[Crossref]

2007 (2)

P. Maunz, D. L. Moehring, S. Olmschenk, K. C. Younge, D. N. Matsukevich, and C. Monroe, “Quantum interference of photon pairs from two remote trapped atomic ions,” Nature Physics 3, 538 (2007).
[Crossref]

B. H. Liu, F. W. Sun, Y. X. Gong, Y. F. Huang, G. C. Guo, and Z. Y. Ou, “Four-photon interference with asymmetric beam splitters,” Opt. Lett. 32(10), 1320 (2007).
[Crossref] [PubMed]

2006 (1)

2005 (2)

Y. L. Lim and A. Beige, “Generalized Hong-Ou-Mandel experiments with bosons and fermions,” New J. Phys. 7, 155 (2005).
[Crossref]

H. Wang and T. Kobayashi, “Phase measurement at the Heisenberg limit with three photons,” Phys. Rev. A 71, 021802 (2005).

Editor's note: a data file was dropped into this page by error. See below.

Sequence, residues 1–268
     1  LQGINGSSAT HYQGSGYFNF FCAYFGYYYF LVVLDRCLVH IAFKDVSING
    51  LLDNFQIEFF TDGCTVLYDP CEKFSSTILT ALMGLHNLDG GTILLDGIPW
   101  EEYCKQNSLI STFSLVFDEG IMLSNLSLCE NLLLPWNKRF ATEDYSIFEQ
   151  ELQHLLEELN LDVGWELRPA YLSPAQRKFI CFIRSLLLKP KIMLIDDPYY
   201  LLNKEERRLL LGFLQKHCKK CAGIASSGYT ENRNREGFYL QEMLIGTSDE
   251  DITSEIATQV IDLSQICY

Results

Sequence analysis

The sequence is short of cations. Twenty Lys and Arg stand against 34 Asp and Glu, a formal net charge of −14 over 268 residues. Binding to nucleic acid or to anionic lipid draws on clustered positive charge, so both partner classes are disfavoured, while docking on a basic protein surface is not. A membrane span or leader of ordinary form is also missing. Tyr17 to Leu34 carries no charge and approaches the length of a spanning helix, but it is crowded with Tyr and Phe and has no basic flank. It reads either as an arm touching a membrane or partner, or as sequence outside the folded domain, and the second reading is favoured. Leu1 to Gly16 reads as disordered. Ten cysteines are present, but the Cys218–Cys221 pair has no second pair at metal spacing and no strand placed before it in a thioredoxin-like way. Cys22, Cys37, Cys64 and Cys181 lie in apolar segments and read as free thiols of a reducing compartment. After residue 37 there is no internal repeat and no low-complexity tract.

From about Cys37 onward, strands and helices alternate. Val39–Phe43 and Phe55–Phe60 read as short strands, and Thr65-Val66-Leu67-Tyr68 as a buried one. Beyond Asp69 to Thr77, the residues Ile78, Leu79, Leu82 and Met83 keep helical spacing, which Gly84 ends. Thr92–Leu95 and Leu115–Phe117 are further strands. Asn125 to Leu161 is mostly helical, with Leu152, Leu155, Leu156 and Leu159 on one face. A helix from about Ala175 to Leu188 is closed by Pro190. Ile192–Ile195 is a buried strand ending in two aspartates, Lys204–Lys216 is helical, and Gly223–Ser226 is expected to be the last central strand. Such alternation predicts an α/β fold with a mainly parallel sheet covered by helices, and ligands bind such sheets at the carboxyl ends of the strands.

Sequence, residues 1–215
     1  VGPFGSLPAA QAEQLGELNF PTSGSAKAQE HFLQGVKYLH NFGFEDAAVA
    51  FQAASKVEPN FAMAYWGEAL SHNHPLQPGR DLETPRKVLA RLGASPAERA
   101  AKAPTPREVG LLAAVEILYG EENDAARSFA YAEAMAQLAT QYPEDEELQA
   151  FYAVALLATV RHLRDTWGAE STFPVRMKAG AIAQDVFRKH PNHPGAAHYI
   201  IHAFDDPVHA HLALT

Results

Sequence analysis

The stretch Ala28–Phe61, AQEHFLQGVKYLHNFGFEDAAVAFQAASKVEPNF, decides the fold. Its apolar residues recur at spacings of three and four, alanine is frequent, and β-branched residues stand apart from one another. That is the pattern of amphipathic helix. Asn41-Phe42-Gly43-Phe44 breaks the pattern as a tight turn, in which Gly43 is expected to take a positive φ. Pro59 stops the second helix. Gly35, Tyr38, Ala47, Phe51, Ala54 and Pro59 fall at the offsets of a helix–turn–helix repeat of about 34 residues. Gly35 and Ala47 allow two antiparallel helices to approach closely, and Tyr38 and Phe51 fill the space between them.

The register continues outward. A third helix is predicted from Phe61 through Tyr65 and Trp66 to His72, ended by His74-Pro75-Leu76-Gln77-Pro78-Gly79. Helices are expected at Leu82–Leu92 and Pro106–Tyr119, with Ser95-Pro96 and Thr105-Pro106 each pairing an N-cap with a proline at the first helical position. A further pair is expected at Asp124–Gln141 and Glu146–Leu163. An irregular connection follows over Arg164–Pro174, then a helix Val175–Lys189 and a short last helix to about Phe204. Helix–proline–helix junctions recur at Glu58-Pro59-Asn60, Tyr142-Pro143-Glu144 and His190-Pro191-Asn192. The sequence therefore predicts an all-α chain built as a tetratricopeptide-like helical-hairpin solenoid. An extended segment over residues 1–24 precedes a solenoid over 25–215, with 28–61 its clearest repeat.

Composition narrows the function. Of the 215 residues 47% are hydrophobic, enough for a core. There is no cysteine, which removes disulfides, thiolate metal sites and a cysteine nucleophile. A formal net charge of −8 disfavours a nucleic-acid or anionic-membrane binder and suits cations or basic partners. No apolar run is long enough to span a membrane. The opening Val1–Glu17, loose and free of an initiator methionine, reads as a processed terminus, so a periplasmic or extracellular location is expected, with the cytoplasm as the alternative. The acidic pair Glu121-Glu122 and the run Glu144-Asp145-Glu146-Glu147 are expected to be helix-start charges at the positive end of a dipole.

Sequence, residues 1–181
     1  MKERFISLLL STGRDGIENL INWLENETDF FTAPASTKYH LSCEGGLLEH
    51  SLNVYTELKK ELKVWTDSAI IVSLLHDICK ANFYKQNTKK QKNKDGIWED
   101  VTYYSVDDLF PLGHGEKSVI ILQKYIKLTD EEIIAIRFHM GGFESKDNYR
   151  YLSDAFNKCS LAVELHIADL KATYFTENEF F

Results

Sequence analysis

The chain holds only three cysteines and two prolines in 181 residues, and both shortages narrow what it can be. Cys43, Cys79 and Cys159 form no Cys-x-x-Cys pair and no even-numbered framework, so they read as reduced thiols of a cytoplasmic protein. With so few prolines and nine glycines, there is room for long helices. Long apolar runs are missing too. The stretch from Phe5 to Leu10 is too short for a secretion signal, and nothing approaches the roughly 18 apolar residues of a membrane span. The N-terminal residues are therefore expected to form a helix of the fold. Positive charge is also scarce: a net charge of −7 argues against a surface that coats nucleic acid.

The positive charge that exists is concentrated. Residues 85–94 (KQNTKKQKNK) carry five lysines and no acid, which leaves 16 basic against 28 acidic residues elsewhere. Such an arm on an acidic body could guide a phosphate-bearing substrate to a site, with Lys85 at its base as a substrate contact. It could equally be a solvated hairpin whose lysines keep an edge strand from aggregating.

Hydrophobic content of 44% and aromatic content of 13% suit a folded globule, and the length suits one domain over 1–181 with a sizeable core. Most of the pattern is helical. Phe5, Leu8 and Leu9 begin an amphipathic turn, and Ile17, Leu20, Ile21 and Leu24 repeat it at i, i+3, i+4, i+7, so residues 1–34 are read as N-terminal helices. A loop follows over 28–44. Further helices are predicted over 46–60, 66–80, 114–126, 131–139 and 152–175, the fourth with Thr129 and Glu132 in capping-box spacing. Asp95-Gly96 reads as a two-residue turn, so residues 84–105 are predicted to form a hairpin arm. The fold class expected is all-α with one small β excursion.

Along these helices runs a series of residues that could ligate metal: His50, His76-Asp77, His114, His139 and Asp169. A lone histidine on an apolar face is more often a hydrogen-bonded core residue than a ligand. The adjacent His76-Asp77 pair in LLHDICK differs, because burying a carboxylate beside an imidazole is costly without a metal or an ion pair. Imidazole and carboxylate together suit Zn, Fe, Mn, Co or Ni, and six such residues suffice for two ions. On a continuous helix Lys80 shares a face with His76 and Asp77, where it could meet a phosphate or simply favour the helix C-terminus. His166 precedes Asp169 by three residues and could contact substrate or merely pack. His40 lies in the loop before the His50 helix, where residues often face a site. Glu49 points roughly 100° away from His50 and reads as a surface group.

[Crossref]

2000 (1)

R. Campos, “Three-photon Hong-Ou-Mandel interference at a multiport mixer,” Phys. Rev. A 62, 013809 (2000).
[Crossref]

1999 (2)

J. M. Heaton and R. M. Jenkins, “General matrix theory of self-imaging in multimode interference (MMI) couplers,” IEEE Photonics Technol. Lett. 11, 212 (1999).
[Crossref]

Z. Y. Ou, J.-K. Rhee, and L. J. Wang, “Observation of four-photon interference with a beam splitter by pulsed parametric down-conversion,” Phys. Rev. Lett. 83, 959 (1999).
[Crossref]

1996 (1)

G. Weihs, M. Reck, H. Weinfurter, and A. Zeilinger, “Two-photon interference in optical fiber multiports,” Phys. Rev. A 54, 893 (1996).
[Crossref] [PubMed]

1994 (1)

M. Reck, A. Zeilinger, H. J. Bernstein, and P. Bertani, “Experimental realization of any discrete unitary operator,” Phys. Rev. Lett. 73, 58 (1994).
[Crossref] [PubMed]

1988 (1)

Y. H. Shih and C. O. Alley, “New Type of Einstein-Podolsky-Rosen-Bohm experiment using pairs of light quanta produced by optical parametric down conversion,” Phys. Rev. Lett. 61, 2921 (1988).
[Crossref] [PubMed]

1987 (1)